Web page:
• Three scenes that appear on the R-rated trailer are not included in the film: a scene that spoofs Save the Last Dance where a girl is dancing at the big party, a scene that spoofs Never Been Kissed during the football game with Sadie standing on the football field with a microphone before the entire football team runs her down (the person she was waiting for - one of the school teachers - gets up out of the bleachers just before she is run down and then sits immediately after she is trampled), and a small scene with Areola asking the principal if her breasts are perky (this scene does appear in the unrated cut of the film).
  • In the trailer for the film, Jake wears boxer shorts during the whipped cream bikini scene, whereas during that same scene in the film, he wears no shorts; his bare crotch is covered with whipped cream instead.

Footage during credits[edit]

The film has three extra scenes at the end:

  • Mitch, Ox and Bruce talking about what they learned from the whole experience. (This scene comes only in the unrated cut.)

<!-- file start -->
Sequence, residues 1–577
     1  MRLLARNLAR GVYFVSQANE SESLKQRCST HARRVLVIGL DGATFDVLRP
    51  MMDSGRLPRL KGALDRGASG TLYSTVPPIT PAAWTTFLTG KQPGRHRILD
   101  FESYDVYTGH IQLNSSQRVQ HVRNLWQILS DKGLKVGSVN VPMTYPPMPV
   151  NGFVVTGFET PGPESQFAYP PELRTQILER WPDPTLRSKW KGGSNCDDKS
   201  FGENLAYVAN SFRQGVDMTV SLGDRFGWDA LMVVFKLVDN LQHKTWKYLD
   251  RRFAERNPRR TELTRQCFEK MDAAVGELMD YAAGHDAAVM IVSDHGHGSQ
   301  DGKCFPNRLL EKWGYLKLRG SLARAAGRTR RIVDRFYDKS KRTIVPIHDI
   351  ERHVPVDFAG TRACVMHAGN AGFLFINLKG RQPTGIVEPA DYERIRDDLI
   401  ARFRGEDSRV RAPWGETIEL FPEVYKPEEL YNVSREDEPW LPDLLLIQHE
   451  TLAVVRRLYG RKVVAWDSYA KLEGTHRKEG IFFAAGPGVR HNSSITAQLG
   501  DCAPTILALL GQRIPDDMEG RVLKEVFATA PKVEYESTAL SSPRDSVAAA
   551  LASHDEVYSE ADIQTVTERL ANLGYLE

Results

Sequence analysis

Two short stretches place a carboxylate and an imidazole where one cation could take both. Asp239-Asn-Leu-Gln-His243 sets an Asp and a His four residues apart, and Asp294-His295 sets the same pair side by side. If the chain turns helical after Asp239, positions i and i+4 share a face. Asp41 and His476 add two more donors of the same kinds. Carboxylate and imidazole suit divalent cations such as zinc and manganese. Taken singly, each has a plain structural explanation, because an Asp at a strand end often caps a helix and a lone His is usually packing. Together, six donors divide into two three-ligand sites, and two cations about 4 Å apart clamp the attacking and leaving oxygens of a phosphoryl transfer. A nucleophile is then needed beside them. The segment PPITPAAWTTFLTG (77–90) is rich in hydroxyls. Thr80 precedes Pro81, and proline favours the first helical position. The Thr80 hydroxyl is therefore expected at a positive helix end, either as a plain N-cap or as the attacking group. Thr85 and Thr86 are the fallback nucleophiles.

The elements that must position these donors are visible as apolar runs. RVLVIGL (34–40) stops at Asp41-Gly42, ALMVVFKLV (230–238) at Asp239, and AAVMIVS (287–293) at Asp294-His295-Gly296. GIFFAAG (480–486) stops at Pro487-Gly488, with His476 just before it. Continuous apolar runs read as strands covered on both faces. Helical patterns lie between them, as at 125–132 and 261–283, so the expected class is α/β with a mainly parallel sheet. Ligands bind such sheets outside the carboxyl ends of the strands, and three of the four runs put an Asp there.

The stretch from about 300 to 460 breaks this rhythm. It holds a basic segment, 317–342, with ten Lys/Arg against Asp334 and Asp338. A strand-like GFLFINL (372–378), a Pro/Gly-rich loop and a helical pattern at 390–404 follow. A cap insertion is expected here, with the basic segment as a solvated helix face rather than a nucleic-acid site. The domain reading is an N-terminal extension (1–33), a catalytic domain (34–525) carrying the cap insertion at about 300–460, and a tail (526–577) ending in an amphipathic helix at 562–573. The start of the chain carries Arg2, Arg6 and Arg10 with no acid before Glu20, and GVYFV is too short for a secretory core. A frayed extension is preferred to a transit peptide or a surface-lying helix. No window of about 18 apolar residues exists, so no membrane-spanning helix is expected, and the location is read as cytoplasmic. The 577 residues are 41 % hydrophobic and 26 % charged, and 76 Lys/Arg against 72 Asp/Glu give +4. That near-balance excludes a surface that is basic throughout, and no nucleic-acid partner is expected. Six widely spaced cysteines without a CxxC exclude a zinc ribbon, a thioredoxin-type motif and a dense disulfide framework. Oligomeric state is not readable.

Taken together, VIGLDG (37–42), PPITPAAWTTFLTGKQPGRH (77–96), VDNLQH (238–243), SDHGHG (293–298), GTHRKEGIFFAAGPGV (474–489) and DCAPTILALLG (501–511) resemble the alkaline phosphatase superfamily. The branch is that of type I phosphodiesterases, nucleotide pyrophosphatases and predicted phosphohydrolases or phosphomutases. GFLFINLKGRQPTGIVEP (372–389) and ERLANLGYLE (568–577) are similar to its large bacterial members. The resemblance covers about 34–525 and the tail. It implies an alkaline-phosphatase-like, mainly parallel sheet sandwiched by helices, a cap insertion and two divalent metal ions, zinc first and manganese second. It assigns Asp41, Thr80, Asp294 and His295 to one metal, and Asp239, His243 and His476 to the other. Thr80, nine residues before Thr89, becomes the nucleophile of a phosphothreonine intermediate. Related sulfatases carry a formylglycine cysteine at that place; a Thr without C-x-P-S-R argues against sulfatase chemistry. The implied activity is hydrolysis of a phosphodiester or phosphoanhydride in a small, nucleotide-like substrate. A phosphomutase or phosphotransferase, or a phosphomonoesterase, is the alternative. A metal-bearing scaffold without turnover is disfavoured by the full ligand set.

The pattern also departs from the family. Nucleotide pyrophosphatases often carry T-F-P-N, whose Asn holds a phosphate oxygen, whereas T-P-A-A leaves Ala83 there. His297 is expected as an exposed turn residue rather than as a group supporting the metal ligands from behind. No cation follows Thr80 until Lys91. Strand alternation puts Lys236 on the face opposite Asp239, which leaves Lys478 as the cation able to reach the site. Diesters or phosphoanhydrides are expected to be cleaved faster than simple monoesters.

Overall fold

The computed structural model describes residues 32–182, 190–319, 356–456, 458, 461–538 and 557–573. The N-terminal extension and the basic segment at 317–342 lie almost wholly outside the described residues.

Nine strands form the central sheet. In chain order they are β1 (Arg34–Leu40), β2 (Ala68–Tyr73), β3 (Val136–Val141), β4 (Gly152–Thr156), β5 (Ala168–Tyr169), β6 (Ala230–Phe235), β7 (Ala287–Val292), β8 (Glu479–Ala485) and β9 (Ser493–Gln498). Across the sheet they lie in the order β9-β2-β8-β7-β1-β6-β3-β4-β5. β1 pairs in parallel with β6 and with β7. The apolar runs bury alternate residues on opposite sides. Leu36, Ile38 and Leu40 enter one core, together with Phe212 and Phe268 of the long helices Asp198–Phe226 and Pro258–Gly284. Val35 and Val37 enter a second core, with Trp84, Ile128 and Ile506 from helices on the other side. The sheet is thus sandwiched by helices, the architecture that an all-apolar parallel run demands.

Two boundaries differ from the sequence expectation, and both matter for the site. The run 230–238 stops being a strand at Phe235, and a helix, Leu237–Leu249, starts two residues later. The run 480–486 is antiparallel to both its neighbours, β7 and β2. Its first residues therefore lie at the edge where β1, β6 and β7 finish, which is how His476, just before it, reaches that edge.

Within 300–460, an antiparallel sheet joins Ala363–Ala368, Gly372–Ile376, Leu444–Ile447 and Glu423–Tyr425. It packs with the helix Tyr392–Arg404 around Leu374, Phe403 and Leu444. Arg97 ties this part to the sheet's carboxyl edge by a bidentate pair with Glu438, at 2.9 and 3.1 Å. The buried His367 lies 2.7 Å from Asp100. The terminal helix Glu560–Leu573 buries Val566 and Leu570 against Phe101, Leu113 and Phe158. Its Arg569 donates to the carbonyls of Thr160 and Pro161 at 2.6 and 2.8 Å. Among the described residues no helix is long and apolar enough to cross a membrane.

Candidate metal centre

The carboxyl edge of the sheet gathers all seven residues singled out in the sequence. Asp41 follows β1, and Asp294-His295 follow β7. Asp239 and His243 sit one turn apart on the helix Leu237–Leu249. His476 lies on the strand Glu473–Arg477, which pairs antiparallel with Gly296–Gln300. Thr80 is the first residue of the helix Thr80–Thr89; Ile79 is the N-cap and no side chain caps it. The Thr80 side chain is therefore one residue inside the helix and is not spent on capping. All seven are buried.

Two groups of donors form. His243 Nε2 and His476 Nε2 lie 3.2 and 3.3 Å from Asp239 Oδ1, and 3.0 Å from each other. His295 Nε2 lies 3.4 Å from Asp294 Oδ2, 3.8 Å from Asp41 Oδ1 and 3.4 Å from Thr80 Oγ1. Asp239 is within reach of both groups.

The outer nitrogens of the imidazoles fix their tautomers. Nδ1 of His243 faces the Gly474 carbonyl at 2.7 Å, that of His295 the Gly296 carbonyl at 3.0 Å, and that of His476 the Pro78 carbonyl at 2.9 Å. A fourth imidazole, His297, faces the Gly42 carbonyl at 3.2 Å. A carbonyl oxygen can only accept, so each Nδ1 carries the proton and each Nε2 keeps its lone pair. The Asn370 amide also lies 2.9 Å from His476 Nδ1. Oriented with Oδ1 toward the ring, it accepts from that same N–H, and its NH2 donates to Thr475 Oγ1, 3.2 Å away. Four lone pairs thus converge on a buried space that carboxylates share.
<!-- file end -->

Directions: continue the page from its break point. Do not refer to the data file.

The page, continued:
• Mr. Briggs, in a parody of a scene from American Pie, talks about a "three-way" while holding two pies. (This scene comes only in the rated cut.)
  • The albino folk singer sings about being blind, and her corneas being burned out by the sun. (This scene comes after all the credits have finished.)

Home media[edit]

The R-rated version of the film was released on DVD on April 30, 2002 with the original 89-minute cut. The Unrated Extended Director's Cut was released July 26, 2005 with all of the original special features from the original DVD. The unrated version includes an added 11 minutes to the film, adding up to 100 minutes.

Reception[edit]

Box office[edit]